In this talk, we address the problem of extracting relevant information from image data. We also introduce briefly the concepts and techniques often used in the automatic interpretation of phenomena based on imagery, or to make inferences based on models of such imagery data. When modeling and representing imaging measurements, usually we are trying to describe the world (or a real world phenomenon) using one or more images, and reconstruct some of its properties based on imagery data (like shape, texture or color). Actually, this is an ill-posed problem that humans can learn to solve effortlessly, but computer algorithms often are prone to errors. Nevertheless, in some cases computers can surpass humans and interpret imagery more accurately, given the proper choice of data representations (i.e. features), as we discuss in this talk. In order to illustrate this presentation, several applications are discussed, focusing in areas such as medicine, biometrics, pulp and paper, soil sciences, porous media, surveillance, and human-machine interfaces.

Jacob ScharcanskiJacob Scharcanski is an Associate Professor in Computer Science at the Federal University of Rio Grande do Sul (UFRGS), Brasil. He holds a cross appointment with the Department of Electrical Engineering at UFRGS, and also is an Associate Adjunct Professor with the Department of Systems Design Engineering, University of Waterloo, Ontario, Canada. He has authored and co-authored over 100 refereed journal and conference papers, and has contributed to several books on imaging and measurements. In addition to his academic publications, he has several technology transfers to the private sector. Presently, he serves as an Associate Editor for two journals, and has served on dozens of International Conference Committees. Professor Scharcanski is a licensed Professional Engineer, Senior Member of the IEEE, IEEE Multimedia Signal Processing TC Affiliate Member, and serves as Chair of the Technical Committee TC-17 (Materials in Measurements). His areas of expertise are Computer Vision, Imaging Measurements and their Applications.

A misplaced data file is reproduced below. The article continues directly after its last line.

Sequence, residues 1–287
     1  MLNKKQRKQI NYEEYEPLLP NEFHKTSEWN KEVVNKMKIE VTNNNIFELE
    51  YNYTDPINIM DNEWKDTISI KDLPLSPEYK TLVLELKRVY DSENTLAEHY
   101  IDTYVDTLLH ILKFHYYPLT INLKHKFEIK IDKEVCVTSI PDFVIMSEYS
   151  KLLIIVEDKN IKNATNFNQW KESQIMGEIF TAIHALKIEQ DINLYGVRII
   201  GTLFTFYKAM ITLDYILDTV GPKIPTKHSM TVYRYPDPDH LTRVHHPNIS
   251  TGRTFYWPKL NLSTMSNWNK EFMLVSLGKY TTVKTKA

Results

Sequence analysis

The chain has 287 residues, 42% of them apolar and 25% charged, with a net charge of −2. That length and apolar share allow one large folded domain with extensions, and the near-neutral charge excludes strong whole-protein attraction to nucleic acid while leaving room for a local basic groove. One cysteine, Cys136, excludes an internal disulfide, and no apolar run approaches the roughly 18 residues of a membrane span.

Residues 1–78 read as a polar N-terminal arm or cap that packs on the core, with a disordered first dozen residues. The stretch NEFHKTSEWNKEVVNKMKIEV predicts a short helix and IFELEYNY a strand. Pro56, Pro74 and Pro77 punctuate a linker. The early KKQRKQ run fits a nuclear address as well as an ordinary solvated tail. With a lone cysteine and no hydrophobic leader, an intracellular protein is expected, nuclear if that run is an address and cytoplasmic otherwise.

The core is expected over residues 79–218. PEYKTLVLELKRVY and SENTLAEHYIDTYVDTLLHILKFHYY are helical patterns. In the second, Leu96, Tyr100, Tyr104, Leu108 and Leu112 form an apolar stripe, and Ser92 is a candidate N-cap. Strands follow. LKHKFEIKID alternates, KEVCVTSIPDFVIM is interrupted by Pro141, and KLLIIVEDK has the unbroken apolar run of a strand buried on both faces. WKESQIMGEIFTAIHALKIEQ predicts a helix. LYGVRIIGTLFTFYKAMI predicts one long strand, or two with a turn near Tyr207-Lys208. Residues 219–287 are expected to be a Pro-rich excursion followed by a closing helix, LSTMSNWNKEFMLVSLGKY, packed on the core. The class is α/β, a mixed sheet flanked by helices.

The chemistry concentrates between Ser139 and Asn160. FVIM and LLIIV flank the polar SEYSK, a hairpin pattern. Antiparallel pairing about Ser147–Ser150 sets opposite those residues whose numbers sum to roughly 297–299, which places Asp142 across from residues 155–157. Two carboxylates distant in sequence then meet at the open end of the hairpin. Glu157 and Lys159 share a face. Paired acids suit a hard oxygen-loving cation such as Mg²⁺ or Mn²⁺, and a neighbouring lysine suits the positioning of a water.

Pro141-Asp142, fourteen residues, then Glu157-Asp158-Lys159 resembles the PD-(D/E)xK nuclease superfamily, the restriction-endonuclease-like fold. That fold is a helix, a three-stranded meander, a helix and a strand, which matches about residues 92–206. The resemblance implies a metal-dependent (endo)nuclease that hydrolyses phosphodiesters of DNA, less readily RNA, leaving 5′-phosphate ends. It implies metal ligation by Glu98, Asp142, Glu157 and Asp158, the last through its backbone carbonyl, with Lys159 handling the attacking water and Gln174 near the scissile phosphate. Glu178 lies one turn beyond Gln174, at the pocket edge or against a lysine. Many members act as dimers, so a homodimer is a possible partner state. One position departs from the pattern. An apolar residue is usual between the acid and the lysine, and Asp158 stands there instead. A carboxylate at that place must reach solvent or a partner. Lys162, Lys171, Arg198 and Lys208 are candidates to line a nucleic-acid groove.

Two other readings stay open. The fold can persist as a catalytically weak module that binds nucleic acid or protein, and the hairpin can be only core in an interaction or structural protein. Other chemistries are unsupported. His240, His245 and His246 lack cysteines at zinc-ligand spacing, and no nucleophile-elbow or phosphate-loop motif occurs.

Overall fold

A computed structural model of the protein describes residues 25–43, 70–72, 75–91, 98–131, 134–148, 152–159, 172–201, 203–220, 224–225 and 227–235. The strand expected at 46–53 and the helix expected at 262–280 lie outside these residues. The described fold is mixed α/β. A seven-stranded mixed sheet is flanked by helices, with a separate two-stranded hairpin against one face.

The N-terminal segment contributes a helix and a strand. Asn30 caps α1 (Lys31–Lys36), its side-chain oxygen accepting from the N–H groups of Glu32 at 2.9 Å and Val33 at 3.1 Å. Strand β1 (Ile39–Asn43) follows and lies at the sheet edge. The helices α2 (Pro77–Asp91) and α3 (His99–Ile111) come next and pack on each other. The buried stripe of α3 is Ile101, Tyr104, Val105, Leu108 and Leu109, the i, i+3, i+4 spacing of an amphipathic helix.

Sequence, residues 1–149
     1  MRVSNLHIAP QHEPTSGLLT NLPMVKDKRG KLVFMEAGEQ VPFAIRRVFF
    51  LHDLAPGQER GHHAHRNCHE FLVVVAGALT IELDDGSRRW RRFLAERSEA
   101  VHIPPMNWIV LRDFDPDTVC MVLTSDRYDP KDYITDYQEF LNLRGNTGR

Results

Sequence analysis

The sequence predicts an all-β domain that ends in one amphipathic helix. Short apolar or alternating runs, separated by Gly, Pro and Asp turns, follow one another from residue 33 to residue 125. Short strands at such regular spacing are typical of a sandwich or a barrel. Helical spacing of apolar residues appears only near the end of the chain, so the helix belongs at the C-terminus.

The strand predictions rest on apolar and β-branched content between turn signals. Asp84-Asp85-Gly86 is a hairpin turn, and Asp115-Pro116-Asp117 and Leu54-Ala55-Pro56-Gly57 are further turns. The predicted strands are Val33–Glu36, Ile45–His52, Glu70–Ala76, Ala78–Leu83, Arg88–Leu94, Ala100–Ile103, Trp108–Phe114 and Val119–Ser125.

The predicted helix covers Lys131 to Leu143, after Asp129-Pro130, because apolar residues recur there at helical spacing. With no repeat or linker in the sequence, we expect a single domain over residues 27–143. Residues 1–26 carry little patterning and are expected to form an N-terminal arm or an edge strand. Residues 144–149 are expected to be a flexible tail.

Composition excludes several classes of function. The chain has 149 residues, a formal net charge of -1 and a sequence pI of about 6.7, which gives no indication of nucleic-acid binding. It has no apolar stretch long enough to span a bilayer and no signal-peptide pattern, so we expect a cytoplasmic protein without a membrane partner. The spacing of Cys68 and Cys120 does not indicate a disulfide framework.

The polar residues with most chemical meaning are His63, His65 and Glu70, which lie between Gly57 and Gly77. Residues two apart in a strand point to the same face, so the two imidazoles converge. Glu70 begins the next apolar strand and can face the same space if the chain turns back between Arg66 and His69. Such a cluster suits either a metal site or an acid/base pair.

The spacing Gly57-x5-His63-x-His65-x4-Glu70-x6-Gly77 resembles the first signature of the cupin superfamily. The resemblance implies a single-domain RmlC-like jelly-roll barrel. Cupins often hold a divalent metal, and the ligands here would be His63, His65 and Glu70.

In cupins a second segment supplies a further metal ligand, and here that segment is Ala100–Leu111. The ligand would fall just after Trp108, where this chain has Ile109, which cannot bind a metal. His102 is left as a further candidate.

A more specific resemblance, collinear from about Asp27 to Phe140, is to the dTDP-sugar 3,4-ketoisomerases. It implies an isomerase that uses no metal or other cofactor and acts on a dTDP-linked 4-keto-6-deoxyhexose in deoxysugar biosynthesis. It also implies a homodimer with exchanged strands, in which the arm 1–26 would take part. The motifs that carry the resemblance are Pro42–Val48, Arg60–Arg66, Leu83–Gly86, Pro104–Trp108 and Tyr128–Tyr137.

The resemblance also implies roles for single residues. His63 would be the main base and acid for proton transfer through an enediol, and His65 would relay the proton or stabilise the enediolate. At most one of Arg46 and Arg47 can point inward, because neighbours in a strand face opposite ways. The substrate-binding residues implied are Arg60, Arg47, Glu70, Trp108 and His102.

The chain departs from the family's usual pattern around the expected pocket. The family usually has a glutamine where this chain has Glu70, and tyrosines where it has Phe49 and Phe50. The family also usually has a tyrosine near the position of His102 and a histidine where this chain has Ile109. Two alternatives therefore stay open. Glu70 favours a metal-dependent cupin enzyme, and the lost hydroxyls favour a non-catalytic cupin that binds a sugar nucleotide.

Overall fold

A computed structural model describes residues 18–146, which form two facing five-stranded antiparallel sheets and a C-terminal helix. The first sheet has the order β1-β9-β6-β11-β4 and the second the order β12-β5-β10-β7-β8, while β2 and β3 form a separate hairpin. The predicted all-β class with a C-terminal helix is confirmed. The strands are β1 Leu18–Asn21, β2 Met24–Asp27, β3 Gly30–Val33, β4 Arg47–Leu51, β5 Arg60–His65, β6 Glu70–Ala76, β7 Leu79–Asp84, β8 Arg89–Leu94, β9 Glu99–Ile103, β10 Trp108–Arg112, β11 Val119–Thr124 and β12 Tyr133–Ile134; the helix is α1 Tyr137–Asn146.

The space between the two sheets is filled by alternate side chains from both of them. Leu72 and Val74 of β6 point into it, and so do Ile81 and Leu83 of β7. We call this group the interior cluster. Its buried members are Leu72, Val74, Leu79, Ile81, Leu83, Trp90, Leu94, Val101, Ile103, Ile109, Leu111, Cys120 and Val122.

The second day a Discussion Panel on the subject “New Network Technologies and Services” will be held. The panel will be composed by Ing. Marcelo Cohen: Senior Manager, Architecture & Technology Level 3, Latam. Specialized in Transmission optical networks (DWDM/SDH) and Metro Ethernet. Current postgraduate professor at UBA and ITBA.

Lic. Christian O’Flaherty: Regional Internet Development at Internet Society; promoting Internet access, growth, and sustainability in Latin American and the Caribbean. Formerly IP Technology Regional Manager at IMPSAT FIBER NETWORKS and Internet Operations Director at RETINA, Argentina National Academic Network.

Ing. Claudio Felizia: Advanced Services Regional Manager for America Movil International at Cisco, over Central and South America. Formerly lecturer on Cryptography and Information Security at University of Buenos Aires.


Finally, the third day will be dedicated to a workshop on “Mobility in IPv6 Wireless Networks”, taught by Mg. Matías Robles and Lic. Andrés Barbieri.

Workshop Contents:

  • IPv6 Introduction.
  • Wireless Technologies.
  • Mobile IP in Wireless environments.
  • Mobile IPv6. 
  • Basic Operation
  • Tunnelling.
  • Security.


IPv6 mobile networks will be displayed on virtual machines and in real environments with possibilities of hands on.